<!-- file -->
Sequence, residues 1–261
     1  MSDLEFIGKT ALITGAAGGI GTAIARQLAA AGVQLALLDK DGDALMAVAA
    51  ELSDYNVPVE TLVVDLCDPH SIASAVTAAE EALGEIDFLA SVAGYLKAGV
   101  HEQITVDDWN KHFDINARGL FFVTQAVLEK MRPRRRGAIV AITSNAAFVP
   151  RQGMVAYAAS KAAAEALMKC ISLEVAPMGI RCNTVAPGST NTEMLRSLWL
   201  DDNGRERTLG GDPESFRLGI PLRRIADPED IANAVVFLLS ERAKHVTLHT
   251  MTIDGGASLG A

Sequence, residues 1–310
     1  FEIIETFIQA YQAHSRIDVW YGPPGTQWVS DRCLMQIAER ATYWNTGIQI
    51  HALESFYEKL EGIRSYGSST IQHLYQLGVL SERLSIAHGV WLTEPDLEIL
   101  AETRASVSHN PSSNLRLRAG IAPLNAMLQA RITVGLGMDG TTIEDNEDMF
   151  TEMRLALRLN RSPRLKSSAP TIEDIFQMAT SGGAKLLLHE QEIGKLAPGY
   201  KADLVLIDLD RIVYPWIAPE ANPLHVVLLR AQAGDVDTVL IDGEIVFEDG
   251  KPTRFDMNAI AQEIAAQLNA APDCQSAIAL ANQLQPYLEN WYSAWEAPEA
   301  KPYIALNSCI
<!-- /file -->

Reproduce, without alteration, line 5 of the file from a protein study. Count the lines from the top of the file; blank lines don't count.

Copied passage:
   151  RQGMVAYAAS KAAAEALMKC ISLEVAPMGI RCNTVAPGST NTEMLRSLWL